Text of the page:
This Friday, a team of scientists presented their findings concerning dieting and life expectancy. Apparently, middle-aged people who get a moderate intake of carbs as their calories will add a couple of years to their life expectancy, rather than those who follow meat-heavy, low-carb diets.
These findings were published in The Lancet and they come at a time when such diets are getting popular. Europe and North America present more and more people that adopt this lifestyle, called Paleo dieting which sacrifice carbohydrates for animal protein and fat.
The ones that promote this ‘Stone Age’ diet believe that because 10000 years ago we suddenly shifted from a meat-heavy diet to one based on agriculture was bad. Grains, dairy and vegetables apparently didn’t allow us a proper time to adapt to them.
That’s why researches took a crack at it. A low-carb regimen is characterized by taking less than 40% of your calories from carbohydrates, although there are many diets that require a reduction until you reach 20% or less. The other extreme is bad as well, just not that bad. If you get more than 70% of your energy from carbs, then your life expectancy will drop as well, but by far less.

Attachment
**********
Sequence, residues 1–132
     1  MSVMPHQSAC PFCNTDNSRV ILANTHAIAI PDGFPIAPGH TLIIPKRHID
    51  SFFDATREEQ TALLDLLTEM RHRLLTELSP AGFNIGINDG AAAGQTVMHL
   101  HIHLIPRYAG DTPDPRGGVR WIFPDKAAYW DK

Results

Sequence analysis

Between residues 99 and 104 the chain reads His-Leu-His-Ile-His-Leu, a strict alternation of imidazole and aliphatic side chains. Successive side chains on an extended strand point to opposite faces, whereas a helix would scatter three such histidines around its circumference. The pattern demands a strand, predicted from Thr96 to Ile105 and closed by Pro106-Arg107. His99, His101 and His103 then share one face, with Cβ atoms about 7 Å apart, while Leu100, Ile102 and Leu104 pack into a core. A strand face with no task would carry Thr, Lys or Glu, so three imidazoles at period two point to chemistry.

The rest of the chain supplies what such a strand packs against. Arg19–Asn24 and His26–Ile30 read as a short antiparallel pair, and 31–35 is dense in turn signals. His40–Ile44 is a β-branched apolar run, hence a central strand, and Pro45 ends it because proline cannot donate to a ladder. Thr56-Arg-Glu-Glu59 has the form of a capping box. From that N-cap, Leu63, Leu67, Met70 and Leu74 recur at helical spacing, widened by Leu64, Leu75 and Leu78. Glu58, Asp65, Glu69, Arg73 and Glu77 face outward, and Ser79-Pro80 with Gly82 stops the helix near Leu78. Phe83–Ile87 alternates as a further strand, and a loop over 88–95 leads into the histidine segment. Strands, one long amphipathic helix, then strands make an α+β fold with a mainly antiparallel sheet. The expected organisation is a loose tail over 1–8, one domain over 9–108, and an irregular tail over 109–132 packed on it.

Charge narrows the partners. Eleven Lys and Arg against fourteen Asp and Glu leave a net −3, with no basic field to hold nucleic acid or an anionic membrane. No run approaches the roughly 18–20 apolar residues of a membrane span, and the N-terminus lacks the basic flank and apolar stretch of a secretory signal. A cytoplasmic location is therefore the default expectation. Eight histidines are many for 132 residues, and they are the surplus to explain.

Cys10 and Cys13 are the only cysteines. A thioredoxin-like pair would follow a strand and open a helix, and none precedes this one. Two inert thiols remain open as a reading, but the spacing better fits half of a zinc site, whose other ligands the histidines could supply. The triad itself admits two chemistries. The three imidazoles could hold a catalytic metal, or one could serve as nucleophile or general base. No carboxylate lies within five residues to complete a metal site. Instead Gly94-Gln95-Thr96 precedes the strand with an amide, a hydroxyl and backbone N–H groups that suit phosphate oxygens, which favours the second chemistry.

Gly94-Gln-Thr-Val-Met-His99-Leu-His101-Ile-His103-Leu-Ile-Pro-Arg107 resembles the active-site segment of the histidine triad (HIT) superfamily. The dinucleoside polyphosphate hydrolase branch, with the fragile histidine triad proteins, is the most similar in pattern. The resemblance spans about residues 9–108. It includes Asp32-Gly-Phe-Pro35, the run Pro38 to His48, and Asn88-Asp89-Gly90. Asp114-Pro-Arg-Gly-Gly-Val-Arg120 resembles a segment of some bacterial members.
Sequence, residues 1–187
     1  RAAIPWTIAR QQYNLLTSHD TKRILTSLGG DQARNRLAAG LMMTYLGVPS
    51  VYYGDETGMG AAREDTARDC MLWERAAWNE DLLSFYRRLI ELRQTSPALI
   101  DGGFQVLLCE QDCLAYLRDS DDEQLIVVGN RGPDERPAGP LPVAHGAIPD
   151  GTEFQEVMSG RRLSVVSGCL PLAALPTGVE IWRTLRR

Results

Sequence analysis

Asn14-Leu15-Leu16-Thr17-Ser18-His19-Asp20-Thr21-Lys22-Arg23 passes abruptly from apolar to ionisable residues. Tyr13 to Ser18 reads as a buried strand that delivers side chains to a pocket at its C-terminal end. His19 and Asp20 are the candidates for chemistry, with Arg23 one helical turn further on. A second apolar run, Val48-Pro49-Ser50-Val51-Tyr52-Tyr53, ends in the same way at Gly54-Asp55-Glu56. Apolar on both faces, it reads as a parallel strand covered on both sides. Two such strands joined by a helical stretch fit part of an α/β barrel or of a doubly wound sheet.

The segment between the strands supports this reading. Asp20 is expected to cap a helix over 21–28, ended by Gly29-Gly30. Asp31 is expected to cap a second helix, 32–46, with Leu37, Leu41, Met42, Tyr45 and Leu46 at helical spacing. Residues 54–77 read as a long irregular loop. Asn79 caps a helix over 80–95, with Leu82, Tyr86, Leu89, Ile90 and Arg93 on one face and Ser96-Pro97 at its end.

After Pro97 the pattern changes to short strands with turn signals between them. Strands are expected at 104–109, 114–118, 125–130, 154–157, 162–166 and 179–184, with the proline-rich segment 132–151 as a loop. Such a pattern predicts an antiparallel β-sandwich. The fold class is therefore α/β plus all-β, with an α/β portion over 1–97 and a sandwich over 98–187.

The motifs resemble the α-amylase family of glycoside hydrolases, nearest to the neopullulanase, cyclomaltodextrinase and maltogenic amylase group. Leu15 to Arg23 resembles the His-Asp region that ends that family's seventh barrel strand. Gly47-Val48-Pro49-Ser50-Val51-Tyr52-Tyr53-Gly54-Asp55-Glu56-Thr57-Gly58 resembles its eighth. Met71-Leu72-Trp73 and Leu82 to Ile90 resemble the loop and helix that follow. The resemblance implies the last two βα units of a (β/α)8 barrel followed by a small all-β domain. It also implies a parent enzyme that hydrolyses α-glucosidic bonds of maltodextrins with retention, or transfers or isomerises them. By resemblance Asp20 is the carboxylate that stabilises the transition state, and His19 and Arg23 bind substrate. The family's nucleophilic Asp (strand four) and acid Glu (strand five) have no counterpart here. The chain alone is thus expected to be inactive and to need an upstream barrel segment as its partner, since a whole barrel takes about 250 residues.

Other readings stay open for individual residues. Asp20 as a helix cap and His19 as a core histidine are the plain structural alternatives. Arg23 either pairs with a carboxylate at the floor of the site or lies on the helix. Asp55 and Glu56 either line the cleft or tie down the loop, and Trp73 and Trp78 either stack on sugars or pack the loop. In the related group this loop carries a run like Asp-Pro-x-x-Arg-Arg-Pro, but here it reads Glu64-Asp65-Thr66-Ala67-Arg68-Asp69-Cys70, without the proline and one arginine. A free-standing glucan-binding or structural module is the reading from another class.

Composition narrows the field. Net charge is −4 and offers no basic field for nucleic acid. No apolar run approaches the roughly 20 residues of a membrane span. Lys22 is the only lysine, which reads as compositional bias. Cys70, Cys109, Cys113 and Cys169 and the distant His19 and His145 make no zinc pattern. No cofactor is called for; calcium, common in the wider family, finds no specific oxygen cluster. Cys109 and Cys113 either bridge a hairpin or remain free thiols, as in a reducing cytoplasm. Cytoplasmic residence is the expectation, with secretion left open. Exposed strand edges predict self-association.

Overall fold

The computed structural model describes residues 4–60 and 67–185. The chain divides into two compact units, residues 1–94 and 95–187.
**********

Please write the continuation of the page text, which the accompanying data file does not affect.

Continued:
What you should do
The perfect diet is still being debated. A lot of people promote an optimal balance between the food groups. Many studies advise consuming carbs in moderation. If 45 to 55 percent of your calorie intake is from carbohydrates, then that would be the best.
Another factor you should consider is not the number of carbs, but their quality. They should come from plants rich in dietary fiber and intact grains and not from sodas or foods high in sugar.